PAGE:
Tight ends remain key

Iowa+tight+end+George+Kittle+runs+for+with+the+ball+during+the+Iowa-Indiana+game+in+Memorial+Stadium+in+Bloomington+on+Saturday%2C+Nov.+7%2C+2015.+The+Hawkeyes+stay+undefeated+after+beating+the+Hoosiers%2C+35-27.+%28The+Daily+Iowan%2FMargaret+Kipsert%29

Iowa tight end George Kittle runs for with the ball during the Iowa-Indiana game in Memorial Stadium in Bloomington on Saturday, Nov. 7, 2015. The Hawkeyes stay undefeated after beating the Hoosiers, 35-27. (The Daily Iowan/Margaret Kipsert)

TAMPA, Fla. — At Iowa, good tight-end play will always be a basic building block for the offense.

Tight ends play a number of critical roles, and Hawkeye head coach Kirk Ferentz has always been able to develop the position well. This season was certainly no different, though an injury to starting tight end George Kittle made things a little complicated. Kittle was injured during the Oct. 15 contest, and in his absence, Iowa used Peter Pekar, Nate Wieting, and Noah Fant.

True freshman Fant is the only one of the three with a catch this year.

Kittle was limited in the two following games (Wisconsin and Penn State), then didn’t play against Michigan and Illinois. He did, however, return against Nebraska, though he still wasn’t 100 percent. Now, with more than a month having gone by since Kittle last played, it seems he’s in a much better place — in health — than he was against the Cornhuskers.

And Iowa’s going to need every ounce of its tight-end group to beat Florida in the Outback Bowl Jan. 2. Why? Well, when asked about how to attack the Florida defense through the air, Hawkeye offensive coordinator Greg Davis immediately brought up the Gator secondary.

“They’ve got two corners who are really highly rated … we’ve got to be smart and use our matchups,” Davis said. “We have to play to our advantage and, at some point, win some one-on-one battles.”

It’s common knowledge that Iowa’s receivers haven’t exactly had the best season. They sometimes struggle to break free of coverage and get open. There also isn’t a true ‘home run’ threat at receiver, and the Hawkeyes have had to win without having much in the way of a passing game.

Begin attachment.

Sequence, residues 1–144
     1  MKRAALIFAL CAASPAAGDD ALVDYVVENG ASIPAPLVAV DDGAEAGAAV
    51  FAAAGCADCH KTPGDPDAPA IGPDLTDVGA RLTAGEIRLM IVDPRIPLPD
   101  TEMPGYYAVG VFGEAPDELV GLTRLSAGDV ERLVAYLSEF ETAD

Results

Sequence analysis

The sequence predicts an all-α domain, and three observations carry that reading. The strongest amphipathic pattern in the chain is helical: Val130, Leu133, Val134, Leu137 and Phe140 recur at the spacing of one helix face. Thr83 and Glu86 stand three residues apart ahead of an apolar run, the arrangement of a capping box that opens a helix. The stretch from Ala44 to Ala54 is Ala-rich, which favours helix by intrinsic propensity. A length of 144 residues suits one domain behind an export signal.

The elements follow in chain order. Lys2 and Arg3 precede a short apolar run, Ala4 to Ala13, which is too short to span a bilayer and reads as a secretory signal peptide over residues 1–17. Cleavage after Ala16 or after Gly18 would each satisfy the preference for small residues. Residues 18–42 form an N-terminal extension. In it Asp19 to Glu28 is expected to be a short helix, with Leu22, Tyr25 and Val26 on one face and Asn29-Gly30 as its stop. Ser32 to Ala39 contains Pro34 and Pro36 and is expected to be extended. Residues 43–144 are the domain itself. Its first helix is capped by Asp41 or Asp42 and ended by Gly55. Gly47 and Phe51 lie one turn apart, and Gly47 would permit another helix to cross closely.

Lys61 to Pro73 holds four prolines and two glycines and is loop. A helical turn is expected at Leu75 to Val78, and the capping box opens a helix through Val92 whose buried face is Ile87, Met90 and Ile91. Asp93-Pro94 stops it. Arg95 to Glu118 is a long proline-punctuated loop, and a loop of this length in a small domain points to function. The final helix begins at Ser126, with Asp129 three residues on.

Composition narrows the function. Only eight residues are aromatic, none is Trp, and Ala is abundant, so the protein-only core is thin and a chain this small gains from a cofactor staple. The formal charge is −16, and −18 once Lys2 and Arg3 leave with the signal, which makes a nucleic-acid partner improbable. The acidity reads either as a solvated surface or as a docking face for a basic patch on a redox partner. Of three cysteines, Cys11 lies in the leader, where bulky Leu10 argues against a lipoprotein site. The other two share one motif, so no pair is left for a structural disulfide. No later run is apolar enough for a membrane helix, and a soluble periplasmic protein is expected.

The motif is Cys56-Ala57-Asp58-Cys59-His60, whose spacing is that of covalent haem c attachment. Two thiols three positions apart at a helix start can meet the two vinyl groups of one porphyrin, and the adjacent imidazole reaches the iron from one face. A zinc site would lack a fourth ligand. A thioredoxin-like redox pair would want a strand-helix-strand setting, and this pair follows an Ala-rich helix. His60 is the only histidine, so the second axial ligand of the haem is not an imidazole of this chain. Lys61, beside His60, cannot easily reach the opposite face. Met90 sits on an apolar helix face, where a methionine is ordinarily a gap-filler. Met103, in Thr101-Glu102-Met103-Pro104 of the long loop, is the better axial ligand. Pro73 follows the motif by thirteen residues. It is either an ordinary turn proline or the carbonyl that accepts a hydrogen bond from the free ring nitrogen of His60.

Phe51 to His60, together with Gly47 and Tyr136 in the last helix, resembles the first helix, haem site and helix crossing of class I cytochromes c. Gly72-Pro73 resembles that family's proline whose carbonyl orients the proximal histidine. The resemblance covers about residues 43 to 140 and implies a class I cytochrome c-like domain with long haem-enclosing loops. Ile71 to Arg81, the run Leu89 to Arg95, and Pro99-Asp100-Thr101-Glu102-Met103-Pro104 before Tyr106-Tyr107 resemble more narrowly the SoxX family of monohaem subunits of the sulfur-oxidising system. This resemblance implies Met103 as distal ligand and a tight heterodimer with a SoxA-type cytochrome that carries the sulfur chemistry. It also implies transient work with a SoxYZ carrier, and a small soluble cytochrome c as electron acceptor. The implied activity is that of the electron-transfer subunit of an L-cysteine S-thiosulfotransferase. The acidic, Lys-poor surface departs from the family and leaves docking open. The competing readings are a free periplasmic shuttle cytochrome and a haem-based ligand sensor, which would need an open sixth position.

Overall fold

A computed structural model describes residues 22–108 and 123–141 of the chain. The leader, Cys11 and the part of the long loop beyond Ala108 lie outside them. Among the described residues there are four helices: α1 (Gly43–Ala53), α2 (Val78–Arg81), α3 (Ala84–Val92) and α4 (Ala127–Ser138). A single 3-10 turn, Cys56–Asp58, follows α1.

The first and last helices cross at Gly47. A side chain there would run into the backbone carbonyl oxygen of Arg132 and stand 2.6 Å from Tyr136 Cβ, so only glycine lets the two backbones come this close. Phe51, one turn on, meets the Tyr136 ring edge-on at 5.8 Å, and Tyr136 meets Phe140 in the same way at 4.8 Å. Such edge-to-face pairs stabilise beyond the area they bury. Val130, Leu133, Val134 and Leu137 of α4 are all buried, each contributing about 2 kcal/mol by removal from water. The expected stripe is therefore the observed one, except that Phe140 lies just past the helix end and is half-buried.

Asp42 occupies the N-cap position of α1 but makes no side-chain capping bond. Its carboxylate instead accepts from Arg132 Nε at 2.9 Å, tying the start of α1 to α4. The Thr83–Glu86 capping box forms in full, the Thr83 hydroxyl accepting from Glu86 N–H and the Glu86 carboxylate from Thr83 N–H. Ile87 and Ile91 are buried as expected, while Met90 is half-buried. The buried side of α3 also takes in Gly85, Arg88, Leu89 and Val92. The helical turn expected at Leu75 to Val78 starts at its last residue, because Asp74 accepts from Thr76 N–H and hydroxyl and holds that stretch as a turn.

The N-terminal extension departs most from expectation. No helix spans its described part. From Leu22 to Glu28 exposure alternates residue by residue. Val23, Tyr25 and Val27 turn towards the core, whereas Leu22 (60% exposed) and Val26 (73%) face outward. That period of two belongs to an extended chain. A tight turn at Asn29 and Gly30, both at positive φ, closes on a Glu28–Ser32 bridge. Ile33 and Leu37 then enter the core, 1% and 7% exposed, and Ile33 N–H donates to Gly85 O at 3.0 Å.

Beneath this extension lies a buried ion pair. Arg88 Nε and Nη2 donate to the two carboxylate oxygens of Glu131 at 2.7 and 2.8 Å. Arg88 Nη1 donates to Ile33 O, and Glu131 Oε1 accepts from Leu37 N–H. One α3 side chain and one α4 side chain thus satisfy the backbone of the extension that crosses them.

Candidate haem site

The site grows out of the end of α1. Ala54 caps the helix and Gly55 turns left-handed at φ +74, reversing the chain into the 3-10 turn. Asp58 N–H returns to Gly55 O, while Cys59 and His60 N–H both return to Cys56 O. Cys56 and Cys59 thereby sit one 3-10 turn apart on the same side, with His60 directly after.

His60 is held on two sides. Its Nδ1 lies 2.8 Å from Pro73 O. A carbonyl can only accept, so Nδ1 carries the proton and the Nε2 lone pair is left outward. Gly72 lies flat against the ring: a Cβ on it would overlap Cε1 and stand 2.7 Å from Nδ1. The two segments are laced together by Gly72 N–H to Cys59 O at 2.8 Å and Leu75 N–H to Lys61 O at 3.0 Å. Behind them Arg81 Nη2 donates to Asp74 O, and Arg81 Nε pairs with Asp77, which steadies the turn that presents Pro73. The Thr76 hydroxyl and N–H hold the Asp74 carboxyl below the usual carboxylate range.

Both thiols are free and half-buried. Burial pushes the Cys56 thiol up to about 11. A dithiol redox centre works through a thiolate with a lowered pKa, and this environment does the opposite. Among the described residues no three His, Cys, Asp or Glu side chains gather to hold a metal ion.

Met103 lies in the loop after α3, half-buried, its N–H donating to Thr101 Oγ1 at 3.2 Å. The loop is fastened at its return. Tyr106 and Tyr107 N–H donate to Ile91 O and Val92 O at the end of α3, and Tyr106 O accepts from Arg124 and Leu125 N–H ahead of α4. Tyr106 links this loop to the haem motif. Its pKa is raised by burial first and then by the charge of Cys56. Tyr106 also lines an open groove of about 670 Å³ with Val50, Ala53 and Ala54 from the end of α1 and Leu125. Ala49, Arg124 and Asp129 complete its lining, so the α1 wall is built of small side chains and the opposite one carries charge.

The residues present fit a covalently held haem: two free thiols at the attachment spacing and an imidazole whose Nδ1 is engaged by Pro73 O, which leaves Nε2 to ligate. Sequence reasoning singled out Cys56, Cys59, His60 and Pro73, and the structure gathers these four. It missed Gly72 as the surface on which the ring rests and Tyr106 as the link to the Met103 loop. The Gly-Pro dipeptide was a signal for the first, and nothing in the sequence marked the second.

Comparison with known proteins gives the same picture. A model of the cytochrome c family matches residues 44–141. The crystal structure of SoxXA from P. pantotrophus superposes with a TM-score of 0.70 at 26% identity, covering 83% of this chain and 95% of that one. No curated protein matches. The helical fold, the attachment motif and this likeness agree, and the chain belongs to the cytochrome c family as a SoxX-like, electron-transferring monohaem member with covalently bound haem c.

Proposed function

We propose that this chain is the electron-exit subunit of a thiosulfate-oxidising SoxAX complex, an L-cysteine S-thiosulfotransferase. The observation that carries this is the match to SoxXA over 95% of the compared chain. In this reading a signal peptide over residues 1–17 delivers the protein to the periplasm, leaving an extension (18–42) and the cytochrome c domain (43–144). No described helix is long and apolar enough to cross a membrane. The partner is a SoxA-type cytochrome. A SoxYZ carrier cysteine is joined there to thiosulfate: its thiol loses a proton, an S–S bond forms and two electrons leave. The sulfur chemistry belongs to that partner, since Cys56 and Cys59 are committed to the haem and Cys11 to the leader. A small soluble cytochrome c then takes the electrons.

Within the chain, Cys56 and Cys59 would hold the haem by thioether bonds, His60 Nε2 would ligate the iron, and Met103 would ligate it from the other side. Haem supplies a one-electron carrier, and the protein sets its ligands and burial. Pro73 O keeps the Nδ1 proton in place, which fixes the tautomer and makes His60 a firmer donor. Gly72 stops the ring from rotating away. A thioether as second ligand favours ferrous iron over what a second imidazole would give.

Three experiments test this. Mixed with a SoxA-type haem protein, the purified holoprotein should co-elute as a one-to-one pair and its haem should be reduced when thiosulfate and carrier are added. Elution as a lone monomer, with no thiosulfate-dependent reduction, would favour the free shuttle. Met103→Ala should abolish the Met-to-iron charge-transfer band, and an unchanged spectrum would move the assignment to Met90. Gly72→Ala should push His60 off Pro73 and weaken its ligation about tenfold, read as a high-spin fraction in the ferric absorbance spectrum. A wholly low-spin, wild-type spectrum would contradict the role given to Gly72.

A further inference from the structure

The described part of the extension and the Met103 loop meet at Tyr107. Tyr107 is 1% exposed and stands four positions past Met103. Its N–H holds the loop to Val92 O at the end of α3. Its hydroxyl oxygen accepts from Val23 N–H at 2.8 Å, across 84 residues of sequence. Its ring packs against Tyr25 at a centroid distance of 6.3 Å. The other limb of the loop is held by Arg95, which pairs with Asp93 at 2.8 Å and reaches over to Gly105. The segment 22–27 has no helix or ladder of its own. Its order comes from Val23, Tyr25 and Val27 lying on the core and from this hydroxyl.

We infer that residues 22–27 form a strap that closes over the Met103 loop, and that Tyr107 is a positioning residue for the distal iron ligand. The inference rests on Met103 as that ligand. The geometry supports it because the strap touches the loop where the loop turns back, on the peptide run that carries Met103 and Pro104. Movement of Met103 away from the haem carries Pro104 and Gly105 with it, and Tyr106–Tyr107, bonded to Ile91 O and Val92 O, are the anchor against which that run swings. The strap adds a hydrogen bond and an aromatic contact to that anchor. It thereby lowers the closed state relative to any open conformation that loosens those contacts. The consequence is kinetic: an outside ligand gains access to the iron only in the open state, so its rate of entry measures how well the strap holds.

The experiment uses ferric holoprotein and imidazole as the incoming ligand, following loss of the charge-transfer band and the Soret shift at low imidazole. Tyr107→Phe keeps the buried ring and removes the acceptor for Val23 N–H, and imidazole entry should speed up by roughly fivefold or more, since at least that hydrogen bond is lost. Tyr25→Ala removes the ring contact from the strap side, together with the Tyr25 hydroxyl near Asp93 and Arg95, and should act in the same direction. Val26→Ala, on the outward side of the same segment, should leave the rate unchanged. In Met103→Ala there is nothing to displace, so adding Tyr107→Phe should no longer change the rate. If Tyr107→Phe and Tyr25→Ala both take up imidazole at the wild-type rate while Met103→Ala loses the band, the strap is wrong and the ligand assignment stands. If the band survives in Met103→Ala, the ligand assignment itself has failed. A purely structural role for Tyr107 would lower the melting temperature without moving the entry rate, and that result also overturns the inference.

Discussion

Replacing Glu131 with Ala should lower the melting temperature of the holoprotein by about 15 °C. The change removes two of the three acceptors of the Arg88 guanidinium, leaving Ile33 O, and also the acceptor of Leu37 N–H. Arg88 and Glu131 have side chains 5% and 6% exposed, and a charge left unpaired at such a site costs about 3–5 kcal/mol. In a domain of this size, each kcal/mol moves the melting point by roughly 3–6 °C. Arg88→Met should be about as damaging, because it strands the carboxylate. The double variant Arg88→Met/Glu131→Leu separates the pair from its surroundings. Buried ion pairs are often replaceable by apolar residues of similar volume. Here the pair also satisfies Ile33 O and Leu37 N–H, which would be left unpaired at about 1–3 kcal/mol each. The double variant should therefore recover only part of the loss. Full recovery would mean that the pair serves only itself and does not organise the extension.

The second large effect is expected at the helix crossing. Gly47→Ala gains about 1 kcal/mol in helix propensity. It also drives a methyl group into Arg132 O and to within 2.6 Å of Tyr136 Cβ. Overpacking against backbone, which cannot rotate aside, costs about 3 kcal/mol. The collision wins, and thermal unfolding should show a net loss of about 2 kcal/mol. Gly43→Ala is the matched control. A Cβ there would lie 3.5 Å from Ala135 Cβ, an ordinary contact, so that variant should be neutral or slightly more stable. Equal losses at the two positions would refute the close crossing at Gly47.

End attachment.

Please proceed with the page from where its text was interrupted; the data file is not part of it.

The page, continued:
To get around that, Iowa has had to run the ball quite a bit, which has opened up the play-action game. Here is where Kittle and the other Hawkeye tight ends fit in. It’s absolutely true the Gators have excellent corners and safeties. It’s been one of the hallmarks of the Florida program and presents a headache Davis has to plan for.

However, there have been significant injuries to Gator linebackers Jarrad Davis, Alex Anzalone, and David Reese. Considering they would probably be the players drawing the assignment on the tight ends, it’s a huge loss and something the Hawkeyes need to take advantage of.

“It’s a bowl game, so you have weeks to look at this stuff,” Kittle said. “It gets a little annoying watching the same stuff over and over, but it gives you more time to break them down and watch their tendencies.”

Kittle and Fant are both large guys — 6-4 and 6-5 — making them that much larger of a target for C.J. Beathard. It also helps in pass blocking, which is what Iowa has mostly used Pekar and Wieting for this season.

That said, Kittle is undoubtedly the most talented blocker of the group and will be needed to help get the running game going. This is critical, because running the ball and the play-action game both have to work if the Hawkeyes want to beat Florida.

Kittle is good in play action and knows how to get open if the linebackers (which again, are young and backups) start biting on the fakes. Fant has also proved he can catch a football and could be a sneakily good option for Beathard if Iowa starts passing in its two-tight-end formations.

“We know it’s going to be tough, and we have a lot of respect for their defense,” Beathard said. “We just have to focus on what we can do.”

Follow @JordyHansen for Iowa football news, updates, and analysis.

 

 

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